Opinion: The proposal threatens to upset Alaska’s fisheries

Opinion: The proposal threatens to upset Alaska’s fisheries

by Malcolm Milne and Brian Ritchie

Updated: 30 Seconds ago Published: 11 Minutes ago

Salmon stock

As leaders in two distinct areas of Alaska’s fisheries—commercial fisheries and the charter guide industry—we often navigate different streams regarding our views on fishery management. However, there is one thing we unequivocally agree on. Proposition 43, which will be presented to the Board of Fisheries this week at a meeting in Homer, poses a risk to all fisheries and anglers of all user groups.

Although our backgrounds may differ, our shared love of Alaska’s abundant waters and the famous salmon that inhabit them unites us. We stand together in staunch opposition to Proposition 43, and recognize the collective power of our fisheries community when we come together to protect our cherished resources.

Proposition 43, which seeks to dramatically reduce pink salmon production in our region indiscriminately, represents an alarming threat to our salmon fish and the delicate balance we have worked so hard to achieve. We have witnessed the profound impact of fisheries on our communities, economies and livelihoods, and we are committed to advocating for responsible, science-based management of our fisheries.

LET’S PAVE THE WAY: Alaska’s aquaculture industry has been instrumental in supplementing our salmon populations and ensuring our communities thrive. Private, non-profit hatchery programs in Alaska are closely regulated and supervised by the Department of Fish and Game. The Cook Inlet Aquaculture Association, or CIAA, has played a pivotal role in supporting the harvests of all user groups in our region since its founding in 1976. Its hatchery operations have enhanced our salmon production operations and reduced pressure on wild returns in years of low abundance, providing income Vital, sustainable and sustenance for thousands of Alaskans. This preserves the rich traditions of our hunting heritage.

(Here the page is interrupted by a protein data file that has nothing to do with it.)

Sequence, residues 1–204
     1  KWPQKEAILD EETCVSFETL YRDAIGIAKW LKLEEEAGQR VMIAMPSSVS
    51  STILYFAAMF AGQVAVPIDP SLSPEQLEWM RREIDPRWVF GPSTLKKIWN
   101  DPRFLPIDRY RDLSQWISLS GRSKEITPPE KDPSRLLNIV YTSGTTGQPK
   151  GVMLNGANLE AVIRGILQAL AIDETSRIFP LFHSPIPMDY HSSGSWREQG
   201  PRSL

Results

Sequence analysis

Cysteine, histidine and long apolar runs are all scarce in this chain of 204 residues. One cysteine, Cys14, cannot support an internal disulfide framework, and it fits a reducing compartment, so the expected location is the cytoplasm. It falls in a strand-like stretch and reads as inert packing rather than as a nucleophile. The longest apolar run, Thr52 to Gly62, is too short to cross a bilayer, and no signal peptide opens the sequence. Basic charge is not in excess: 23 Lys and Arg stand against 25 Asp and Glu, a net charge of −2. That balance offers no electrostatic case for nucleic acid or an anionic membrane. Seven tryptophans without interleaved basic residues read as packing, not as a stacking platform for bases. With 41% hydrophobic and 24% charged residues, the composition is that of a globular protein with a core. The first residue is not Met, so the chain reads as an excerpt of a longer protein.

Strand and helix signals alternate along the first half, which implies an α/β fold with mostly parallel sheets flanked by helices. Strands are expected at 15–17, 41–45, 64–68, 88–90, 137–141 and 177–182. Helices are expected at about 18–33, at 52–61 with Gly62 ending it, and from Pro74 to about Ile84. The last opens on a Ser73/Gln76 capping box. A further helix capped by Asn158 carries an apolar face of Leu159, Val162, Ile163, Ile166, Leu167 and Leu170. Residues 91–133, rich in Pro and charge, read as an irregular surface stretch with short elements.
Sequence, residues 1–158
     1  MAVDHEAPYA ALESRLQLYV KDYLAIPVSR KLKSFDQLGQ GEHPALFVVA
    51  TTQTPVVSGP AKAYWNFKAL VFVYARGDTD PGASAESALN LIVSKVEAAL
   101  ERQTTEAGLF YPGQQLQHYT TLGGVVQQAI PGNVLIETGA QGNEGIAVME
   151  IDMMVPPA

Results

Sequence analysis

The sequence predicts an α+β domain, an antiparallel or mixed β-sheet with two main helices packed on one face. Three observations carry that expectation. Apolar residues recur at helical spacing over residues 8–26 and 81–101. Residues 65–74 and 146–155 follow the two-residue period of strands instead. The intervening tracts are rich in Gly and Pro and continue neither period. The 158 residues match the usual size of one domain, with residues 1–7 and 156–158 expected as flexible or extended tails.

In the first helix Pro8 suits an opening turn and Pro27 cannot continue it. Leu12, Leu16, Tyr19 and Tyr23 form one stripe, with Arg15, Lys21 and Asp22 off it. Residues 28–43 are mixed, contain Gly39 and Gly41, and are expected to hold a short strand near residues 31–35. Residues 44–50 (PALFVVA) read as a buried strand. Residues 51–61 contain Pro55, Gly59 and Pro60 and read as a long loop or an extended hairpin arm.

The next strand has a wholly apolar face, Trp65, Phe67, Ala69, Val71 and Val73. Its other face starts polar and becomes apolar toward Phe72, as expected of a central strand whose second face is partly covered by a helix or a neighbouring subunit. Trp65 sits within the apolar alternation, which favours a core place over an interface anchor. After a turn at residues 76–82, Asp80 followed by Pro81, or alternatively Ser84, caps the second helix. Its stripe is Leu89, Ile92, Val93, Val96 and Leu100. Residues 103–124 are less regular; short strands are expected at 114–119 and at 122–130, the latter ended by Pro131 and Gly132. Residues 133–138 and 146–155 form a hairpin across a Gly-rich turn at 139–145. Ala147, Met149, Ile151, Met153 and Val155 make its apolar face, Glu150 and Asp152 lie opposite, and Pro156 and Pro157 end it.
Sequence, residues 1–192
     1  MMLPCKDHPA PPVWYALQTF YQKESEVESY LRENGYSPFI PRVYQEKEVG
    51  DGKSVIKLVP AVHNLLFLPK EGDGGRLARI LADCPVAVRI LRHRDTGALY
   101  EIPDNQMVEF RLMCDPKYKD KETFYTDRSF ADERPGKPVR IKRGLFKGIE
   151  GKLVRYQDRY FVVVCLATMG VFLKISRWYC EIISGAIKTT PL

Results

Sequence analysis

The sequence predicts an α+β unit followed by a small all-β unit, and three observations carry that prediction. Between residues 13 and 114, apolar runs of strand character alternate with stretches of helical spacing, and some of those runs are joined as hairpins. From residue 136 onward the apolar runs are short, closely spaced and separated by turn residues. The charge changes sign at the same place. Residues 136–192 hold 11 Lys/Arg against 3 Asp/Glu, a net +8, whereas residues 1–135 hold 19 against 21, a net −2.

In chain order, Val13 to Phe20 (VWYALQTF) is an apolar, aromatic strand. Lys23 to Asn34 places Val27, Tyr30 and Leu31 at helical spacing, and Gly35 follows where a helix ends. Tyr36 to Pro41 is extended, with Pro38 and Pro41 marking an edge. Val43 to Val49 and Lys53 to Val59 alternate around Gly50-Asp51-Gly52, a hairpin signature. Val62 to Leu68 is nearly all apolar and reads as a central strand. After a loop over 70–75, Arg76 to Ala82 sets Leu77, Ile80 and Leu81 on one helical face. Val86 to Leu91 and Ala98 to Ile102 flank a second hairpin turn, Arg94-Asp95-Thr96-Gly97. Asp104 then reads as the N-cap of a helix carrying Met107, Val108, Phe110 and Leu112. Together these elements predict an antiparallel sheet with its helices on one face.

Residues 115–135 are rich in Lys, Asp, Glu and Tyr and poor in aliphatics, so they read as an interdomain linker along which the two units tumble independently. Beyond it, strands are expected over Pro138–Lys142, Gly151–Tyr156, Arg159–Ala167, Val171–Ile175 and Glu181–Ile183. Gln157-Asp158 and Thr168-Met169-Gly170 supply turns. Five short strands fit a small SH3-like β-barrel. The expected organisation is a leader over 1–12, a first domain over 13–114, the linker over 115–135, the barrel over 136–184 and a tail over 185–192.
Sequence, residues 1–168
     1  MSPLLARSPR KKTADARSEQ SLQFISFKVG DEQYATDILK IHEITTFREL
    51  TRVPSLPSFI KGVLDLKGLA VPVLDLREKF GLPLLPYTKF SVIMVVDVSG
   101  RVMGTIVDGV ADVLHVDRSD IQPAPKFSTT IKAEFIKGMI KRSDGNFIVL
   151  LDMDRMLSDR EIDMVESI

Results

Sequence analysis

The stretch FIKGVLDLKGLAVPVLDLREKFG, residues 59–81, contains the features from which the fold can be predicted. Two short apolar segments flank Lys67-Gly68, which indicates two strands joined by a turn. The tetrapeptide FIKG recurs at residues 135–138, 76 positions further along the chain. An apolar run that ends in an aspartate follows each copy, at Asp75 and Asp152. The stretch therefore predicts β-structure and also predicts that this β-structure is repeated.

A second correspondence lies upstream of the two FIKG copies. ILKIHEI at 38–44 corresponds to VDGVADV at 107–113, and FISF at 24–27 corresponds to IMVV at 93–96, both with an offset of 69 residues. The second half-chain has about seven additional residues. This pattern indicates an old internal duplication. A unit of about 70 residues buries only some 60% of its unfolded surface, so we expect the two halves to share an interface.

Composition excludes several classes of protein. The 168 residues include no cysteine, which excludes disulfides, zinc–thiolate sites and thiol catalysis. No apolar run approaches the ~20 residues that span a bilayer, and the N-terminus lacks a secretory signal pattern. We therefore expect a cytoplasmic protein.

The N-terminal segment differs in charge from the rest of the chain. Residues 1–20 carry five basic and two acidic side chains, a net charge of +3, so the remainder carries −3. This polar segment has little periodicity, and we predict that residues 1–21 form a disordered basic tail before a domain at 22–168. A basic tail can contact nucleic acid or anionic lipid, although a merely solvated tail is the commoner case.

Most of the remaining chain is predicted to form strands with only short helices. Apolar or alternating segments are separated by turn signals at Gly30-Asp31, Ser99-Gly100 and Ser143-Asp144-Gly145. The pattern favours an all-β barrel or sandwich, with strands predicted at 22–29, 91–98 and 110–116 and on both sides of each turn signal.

But make no mistake, this is not just about commercial fisheries. Alaska’s charter industry, represented by charter business owners across the state, plays an equally vital role in our fisheries ecosystem. We connect people from all over the country and the world to experience wild salmon fishing in our pristine waters. Our industry contributes to local economies, supports jobs and fosters a deep appreciation for our natural environment.

So why the opposition to Proposition 43? Simply put, this proposal threatens the interconnected web of our fisheries community. Reducing pink salmon production by a staggering amount at the CIAA would have far-reaching ramifications, affecting commercial and sport fishermen, subsistence harvesters, and general anglers and fishermen who come to the Kenai Peninsula and Homer each summer.

The consequences go beyond dollars and cents. The potential for this proposal to disrupt the delicate balance between wild and hatchery-produced salmon is cause for concern. We firmly believe that fisheries management should be grounded in science and data, ensuring that decisions reflect the complex dynamics of our salmon stocks.

What makes us most proud is the solidarity we have witnessed within our fisheries community. We are not alone in our opposition to Proposition 43. Whether they come from the commercial, charter, subsistence or public use sectors, fishermen understand the risks involved with this proposal. We celebrate our common ground – a love of Alaskan salmon and a commitment to their sustainable management.

Not all hunters want division and opposition; Many of us are united in our gratitude for working together to improve our resources and the future of our fisheries. We are grateful for the collective strength we find in unity.

As leaders, we are bound by our responsibility to advocate for responsible management of our fisheries. Our diverse backgrounds underscore the common thread that runs through our fisheries – our shared appreciation for the salmon in our waters and the desire to see them thrive in the long term.

In conclusion, we call on the Council of Fisheries to carefully consider the long-term implications of Proposition 43 and to oppose it. Let us stand together, united in our commitment to Alaska’s fisheries and the generations that will come in our wake. Let’s protect the legacy that is our fisheries heritage.

Malcolm Milne A Homer resident, he serves on the board of directors for the Cook Inlet Aquaculture Association and has been fishing commercially in the area since 1995. He owns and operates the F/V Captain Cook and fishes for halibut and salmon.

Brian Ritchie He is 33 years old, born and raised in Homer. He earned his bachelor’s degree from the University of Alaska Anchorage and earned his master’s degree in environmental science with a focus on fisheries in 2020. He started his fishing business in 2016 and has been fortunate to partner with and grow the company, adding more vessels and an office where they provide reservations for owners And other operators in Homer.

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